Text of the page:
Migrant mortality from diabetes mellitus across Europe

the importance of socio-economic change

Hadewijch Vandenheede, Patrick Deboosere, Irina Stirbu, Charles O Agyemang, Seeromanie Harding, Knud Juel, Snorri Björn Rafnsson, Enrique Regidor, Grégoire Rey, Michael Rosato, Johan P Mackenbach, Anton E Kunst

    Publikation: Bidrag til tidsskriftTidsskriftartikelForskningpeer review

    Resumé

    The first objective of this study was to determine and quantify variations in diabetes mortality by migrant status in different European countries. The second objective was to investigate the hypothesis that diabetes mortality is higher in migrant groups for whom the country of residence (COR) is more affluent than the country of birth (COB). We obtained mortality data from 7 European countries. To assess migrant diabetes mortality, we used direct standardization and Poisson regression. First, migrant mortality was estimated for each country separately. Then, we merged the data from all mortality registers. Subsequently, to examine the second hypothesis, we introduced gross domestic product (GDP) per capita of COB in the models, as an indicator of socio-economic circumstances. The overall pattern shows higher diabetes mortality in migrant populations compared to local-born populations. Mortality rate ratios (MRRs) were highest in migrants originating from either the Caribbean or South Asia. MRRs for the migrant population as a whole were 1.9 (95% CI 1.8-2.0) and 2.2 (95% CI 2.1-2.3) for men and women respectively. We furthermore found a consistently inverse association between GDP of COB and diabetes mortality. Most migrant groups have higher diabetes mortality rates than the local-born populations. Mortality rates are particularly high in migrants from North Africa, the Caribbean, South Asia or low-GDP countries. The inverse association between GDP of COB and diabetes mortality suggests that socio-economic change may be one of the key aetiological factors.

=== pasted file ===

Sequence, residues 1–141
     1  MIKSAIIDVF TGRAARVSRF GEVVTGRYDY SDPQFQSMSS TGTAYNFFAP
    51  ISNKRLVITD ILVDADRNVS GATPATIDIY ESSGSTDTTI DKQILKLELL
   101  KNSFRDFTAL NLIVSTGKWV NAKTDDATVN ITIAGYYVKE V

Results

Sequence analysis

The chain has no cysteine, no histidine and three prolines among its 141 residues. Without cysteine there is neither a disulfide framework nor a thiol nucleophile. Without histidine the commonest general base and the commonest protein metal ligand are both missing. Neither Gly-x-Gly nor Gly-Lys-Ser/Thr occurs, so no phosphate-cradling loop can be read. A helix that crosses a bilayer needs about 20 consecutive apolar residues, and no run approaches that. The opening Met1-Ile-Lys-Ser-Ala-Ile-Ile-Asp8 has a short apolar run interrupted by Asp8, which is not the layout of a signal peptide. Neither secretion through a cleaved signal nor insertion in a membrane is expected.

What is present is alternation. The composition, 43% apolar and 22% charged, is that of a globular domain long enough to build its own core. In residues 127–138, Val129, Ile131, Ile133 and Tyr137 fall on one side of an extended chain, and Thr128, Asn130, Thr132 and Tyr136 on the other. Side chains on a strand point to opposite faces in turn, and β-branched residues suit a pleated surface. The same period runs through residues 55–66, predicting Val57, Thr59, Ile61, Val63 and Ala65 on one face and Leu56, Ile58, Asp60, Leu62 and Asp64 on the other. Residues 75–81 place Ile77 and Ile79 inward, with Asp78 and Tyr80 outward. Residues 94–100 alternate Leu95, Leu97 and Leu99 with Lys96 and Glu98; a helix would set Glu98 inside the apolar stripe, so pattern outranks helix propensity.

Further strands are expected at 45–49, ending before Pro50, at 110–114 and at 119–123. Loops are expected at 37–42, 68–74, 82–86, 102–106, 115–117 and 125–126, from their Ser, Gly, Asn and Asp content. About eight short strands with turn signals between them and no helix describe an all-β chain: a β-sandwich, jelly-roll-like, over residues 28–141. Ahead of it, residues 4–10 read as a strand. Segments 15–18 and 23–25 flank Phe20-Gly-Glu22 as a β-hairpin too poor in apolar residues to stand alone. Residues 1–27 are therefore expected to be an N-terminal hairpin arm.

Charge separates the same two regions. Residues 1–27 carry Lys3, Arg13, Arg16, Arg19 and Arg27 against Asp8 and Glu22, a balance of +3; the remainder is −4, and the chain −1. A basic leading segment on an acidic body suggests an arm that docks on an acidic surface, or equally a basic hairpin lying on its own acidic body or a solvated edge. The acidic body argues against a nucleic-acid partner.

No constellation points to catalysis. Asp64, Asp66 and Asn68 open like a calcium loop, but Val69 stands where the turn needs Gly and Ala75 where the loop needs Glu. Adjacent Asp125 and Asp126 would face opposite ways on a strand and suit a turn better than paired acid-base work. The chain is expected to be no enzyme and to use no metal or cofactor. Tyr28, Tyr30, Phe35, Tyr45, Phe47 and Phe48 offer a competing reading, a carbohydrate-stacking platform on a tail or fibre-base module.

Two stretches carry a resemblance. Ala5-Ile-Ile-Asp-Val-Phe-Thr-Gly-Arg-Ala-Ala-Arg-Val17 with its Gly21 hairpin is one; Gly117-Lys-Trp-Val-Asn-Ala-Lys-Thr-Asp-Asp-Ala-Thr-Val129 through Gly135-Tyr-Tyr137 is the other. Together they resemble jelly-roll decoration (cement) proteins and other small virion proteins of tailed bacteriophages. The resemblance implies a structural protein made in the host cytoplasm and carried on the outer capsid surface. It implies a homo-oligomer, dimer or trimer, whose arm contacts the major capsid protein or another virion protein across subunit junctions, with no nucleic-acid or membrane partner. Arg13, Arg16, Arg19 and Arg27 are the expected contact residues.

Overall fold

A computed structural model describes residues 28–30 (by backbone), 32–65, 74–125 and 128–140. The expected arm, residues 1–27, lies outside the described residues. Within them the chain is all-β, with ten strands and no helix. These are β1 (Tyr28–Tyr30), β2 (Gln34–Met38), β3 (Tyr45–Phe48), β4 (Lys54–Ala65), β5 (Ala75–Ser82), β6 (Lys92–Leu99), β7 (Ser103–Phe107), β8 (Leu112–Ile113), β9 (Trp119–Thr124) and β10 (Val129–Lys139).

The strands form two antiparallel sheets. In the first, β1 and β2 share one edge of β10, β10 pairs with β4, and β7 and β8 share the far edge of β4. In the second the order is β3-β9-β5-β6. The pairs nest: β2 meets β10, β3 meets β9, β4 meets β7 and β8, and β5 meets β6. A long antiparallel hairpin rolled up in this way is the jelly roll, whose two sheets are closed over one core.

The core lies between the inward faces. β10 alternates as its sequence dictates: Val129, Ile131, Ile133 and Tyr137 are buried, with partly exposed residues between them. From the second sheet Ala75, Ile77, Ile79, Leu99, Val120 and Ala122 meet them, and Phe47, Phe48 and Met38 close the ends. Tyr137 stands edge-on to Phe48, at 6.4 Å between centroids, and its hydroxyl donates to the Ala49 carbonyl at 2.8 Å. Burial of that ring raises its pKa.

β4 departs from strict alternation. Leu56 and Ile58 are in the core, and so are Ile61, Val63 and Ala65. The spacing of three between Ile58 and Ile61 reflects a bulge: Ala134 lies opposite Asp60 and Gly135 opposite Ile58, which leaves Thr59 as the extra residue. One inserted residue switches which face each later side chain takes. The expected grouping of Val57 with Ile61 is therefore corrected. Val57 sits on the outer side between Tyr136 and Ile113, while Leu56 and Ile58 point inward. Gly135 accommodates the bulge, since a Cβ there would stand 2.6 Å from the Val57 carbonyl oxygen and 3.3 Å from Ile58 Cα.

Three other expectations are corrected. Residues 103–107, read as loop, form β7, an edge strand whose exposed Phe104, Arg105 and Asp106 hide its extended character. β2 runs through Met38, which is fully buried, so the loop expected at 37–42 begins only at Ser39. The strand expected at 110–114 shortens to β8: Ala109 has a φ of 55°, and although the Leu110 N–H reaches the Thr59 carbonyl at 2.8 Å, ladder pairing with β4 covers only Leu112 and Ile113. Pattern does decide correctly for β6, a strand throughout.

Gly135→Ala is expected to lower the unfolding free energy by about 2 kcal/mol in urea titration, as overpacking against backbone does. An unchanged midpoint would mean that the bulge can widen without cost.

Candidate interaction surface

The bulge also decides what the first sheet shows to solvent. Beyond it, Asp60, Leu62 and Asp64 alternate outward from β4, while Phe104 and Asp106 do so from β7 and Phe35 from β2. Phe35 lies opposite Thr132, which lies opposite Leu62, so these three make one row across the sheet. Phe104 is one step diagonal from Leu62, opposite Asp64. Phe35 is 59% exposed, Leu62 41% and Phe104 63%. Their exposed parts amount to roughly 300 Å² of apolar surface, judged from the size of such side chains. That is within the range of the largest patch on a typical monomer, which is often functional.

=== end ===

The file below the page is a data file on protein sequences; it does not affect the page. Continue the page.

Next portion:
OriginalsprogEngelsk
    TidsskriftEuropean Journal of Epidemiology
    Vol/bind27
    Udgave nummer2
    Sider (fra-til)109-17
    Antal sider9
    ISSN0393-2990
    DOI
    StatusUdgivet - 2012

    Fingeraftryk

    Diabetes Mellitus
    Population
    Northern Africa

    Citer dette

    Vandenheede, Hadewijch ; Deboosere, Patrick ; Stirbu, Irina ; Agyemang, Charles O ; Harding, Seeromanie ; Juel, Knud ; Rafnsson, Snorri Björn ; Regidor, Enrique ; Rey, Grégoire ; Rosato, Michael ; Mackenbach, Johan P ; Kunst, Anton E. / Migrant mortality from diabetes mellitus across Europe : the importance of socio-economic change. I: European Journal of Epidemiology. 2012 ; Bind 27, Nr. 2. s. 109-17.
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    title = "Migrant mortality from diabetes mellitus across Europe: the importance of socio-economic change",
    abstract = "The first objective of this study was to determine and quantify variations in diabetes mortality by migrant status in different European countries. The second objective was to investigate the hypothesis that diabetes mortality is higher in migrant groups for whom the country of residence (COR) is more affluent than the country of birth (COB). We obtained mortality data from 7 European countries. To assess migrant diabetes mortality, we used direct standardization and Poisson regression. First, migrant mortality was estimated for each country separately. Then, we merged the data from all mortality registers. Subsequently, to examine the second hypothesis, we introduced gross domestic product (GDP) per capita of COB in the models, as an indicator of socio-economic circumstances. The overall pattern shows higher diabetes mortality in migrant populations compared to local-born populations. Mortality rate ratios (MRRs) were highest in migrants originating from either the Caribbean or South Asia. MRRs for the migrant population as a whole were 1.9 (95{\%} CI 1.8-2.0) and 2.2 (95{\%} CI 2.1-2.3) for men and women respectively. We furthermore found a consistently inverse association between GDP of COB and diabetes mortality. Most migrant groups have higher diabetes mortality rates than the local-born populations. Mortality rates are particularly high in migrants from North Africa, the Caribbean, South Asia or low-GDP countries. The inverse association between GDP of COB and diabetes mortality suggests that socio-economic change may be one of the key aetiological factors.",
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    author = "Hadewijch Vandenheede and Patrick Deboosere and Irina Stirbu and Agyemang, {Charles O} and Seeromanie Harding and Knud Juel and Rafnsson, {Snorri Bj{\"o}rn} and Enrique Regidor and Gr{\'e}goire Rey and Michael Rosato and Mackenbach, {Johan P} and Kunst, {Anton E}",
    year = "2012",
    doi = "10.1007/s10654-011-9638-6",